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The Sequoyah Country Club is over 100 years old. It includes an 18 hole golf course, tennis courts, swimming pool, and clubhouse at 4550 Heafey Road. The Sequoyah neighborhood is named for the club.

History

Oakland Tribune September 27, 1914 5The club was founded at a meeting at the St. Francis Hotel in San Francisco on October 3, 1913. The 23 members of the meeting chose to name it Sequoyah, after the native American who developed a writing system for the Cherokee language. The directors selected at the first meeting were Philip T. Clay, Harvey B. Lindsay, Barton Bean, Hugh Goodfellow, Arthur King, William Pearce Johnson, W. S. Rheem (president of Standard Oil), Dennis Searles (vice-president of the Pacific Coast Borax Company), and Charles H. Bentley. 1 The club was limited to 350 members, originally all men. 3

The clubhouse was designed by architect Edward G. Garden 2. The original plans were for a three-story building, but eventually a two-story building was constructed for $30,000 4 and was completed in 1915.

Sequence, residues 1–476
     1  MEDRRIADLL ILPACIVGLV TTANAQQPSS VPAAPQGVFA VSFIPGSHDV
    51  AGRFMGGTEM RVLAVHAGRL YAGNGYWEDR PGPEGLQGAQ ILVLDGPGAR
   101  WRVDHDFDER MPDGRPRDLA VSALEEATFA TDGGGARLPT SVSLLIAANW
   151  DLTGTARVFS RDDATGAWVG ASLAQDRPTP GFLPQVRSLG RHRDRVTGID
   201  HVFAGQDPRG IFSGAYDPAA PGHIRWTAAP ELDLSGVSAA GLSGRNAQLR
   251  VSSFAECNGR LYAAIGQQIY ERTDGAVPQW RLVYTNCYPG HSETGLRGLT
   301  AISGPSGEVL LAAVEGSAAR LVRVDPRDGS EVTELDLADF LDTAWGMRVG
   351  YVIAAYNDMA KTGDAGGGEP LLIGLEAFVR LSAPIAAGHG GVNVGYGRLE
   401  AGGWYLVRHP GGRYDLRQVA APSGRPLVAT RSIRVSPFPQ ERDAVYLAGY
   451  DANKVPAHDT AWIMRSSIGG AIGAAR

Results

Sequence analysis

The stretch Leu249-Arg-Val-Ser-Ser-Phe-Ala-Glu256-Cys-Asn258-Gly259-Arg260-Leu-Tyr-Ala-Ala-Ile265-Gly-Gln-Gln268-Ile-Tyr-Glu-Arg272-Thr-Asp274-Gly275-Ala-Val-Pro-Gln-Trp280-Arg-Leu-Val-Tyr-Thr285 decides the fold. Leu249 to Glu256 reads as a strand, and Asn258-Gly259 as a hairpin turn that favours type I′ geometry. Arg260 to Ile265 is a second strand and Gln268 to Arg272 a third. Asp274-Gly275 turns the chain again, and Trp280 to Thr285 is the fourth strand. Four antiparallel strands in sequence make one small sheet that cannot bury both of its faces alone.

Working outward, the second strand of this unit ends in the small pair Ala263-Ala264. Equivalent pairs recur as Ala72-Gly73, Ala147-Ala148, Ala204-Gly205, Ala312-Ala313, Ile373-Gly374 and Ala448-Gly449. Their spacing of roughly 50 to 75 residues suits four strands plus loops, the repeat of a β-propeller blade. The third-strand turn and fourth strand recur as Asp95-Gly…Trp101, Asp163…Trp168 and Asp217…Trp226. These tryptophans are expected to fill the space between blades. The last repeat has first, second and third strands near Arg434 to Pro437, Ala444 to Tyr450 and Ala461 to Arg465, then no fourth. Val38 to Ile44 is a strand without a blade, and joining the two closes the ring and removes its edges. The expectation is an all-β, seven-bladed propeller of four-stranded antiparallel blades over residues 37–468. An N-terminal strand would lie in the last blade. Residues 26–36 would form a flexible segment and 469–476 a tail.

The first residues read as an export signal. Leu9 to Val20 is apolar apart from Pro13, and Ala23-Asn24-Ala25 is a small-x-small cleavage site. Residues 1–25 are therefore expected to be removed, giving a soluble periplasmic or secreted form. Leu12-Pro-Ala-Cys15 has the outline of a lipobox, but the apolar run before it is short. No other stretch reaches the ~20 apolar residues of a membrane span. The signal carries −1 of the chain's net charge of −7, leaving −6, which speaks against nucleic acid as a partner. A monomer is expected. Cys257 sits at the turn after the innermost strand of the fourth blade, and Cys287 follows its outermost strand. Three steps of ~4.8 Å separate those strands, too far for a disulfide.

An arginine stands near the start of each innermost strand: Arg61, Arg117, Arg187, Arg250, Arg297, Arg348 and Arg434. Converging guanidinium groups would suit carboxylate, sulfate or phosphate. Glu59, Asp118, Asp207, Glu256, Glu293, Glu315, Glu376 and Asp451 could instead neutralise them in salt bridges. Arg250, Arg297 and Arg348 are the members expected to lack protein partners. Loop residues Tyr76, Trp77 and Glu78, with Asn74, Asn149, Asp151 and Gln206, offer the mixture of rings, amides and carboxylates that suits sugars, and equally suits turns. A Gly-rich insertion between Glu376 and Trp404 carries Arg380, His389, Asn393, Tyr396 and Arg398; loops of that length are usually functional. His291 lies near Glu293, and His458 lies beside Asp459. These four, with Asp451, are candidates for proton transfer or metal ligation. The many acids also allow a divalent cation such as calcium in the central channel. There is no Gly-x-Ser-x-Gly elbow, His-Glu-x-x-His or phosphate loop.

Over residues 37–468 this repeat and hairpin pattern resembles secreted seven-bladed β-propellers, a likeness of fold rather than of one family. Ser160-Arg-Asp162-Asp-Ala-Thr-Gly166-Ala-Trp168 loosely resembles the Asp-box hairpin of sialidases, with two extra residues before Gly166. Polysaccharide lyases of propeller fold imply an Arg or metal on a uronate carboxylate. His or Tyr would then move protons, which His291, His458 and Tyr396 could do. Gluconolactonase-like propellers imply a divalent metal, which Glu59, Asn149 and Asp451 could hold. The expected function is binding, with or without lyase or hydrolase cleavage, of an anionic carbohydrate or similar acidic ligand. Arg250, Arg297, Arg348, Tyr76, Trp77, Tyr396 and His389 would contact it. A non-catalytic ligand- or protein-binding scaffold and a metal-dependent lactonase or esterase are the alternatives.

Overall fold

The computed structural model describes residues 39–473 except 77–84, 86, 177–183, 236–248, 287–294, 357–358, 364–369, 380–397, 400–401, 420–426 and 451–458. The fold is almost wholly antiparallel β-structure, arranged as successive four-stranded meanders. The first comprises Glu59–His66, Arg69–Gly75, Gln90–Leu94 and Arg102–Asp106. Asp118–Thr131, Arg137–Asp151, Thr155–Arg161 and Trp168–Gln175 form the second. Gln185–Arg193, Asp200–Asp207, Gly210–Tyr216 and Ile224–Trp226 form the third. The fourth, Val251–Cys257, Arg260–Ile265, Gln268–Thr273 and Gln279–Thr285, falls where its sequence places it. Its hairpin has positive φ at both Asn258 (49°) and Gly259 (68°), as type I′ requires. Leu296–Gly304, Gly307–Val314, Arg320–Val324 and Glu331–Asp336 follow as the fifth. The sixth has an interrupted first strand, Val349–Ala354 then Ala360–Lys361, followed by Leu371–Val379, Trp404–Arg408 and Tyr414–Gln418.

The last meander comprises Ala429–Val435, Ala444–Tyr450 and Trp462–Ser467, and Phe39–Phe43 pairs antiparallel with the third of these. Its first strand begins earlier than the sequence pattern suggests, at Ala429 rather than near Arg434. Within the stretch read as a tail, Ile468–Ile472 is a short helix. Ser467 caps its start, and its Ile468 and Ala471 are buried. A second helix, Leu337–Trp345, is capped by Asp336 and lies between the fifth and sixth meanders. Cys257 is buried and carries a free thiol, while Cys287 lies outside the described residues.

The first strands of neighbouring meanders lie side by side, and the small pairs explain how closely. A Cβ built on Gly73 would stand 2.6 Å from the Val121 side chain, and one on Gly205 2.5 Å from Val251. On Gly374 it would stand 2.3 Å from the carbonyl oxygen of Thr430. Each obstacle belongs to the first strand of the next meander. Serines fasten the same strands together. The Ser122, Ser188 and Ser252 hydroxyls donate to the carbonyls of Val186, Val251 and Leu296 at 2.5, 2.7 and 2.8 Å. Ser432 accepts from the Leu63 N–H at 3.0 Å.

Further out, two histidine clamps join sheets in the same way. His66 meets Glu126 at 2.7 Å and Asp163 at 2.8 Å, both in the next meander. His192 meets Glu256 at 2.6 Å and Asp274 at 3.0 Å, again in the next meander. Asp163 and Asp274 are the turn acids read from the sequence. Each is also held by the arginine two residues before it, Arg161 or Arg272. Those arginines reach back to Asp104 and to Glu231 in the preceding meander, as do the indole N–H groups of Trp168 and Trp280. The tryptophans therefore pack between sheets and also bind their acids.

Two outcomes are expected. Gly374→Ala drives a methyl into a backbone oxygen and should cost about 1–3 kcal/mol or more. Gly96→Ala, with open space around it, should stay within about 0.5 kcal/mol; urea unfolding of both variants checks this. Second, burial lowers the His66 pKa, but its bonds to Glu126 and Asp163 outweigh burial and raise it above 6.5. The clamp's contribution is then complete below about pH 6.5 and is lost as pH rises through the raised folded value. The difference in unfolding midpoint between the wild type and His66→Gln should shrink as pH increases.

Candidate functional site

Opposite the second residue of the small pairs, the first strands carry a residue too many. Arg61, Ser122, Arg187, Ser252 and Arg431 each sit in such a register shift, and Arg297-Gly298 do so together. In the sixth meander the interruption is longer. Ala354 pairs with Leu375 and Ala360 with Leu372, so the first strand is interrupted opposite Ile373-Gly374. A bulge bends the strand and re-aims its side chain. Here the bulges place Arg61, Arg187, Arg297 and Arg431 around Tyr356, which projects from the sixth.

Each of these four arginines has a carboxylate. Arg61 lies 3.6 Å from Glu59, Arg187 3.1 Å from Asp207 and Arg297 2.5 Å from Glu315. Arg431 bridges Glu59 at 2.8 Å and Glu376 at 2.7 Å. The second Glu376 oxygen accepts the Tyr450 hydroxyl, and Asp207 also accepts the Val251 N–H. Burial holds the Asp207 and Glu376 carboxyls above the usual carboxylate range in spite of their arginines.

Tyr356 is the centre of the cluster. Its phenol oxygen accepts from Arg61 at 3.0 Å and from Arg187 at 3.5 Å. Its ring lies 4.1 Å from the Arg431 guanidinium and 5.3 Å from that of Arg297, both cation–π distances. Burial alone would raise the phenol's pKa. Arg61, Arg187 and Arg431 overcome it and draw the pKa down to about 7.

The original membership included Edson F. Adam, William H. Crocker, William Knowles, Tyler Henshaw and numerous other well-to-do Oaklanders of the day. 5

Many sequoia trees were planted along the fairways of the golf course, which was built on the then-barren 180 acres. The clubhouse was remodeled in 1928 into a larger Spanish revival style building by architects Claude and Eugene Barton, and has been added on to several times.

The country club hosted the Oakland Open Golf Tournament from 1938 to 1944, and included such noted players as Ben Hogan, Byron Nelson, and Sam Snead.

Present Day

The club is limited to 375 member families. The facilities are available for rental for weddings and other events.

Photos CC SA-BY Our Oakland:

Links and References

  1. Sequoia Club? No, "Sequoyah" Oakland Tribune October 4, 1913
  2. Clubhouse Dream of Beauty - Site Idea for New Sequoyah Oakland Tribune March 6, 1914
  3. Sequoyah Golf Course Being Laid Oakland Tribune May 17, 1914
  4. Sequoyah Country Club Starts Building Oakland Tribune July 26, 1914
  5. Sequoyah Links Fill Long Need Oakland Tribune September 27, 1914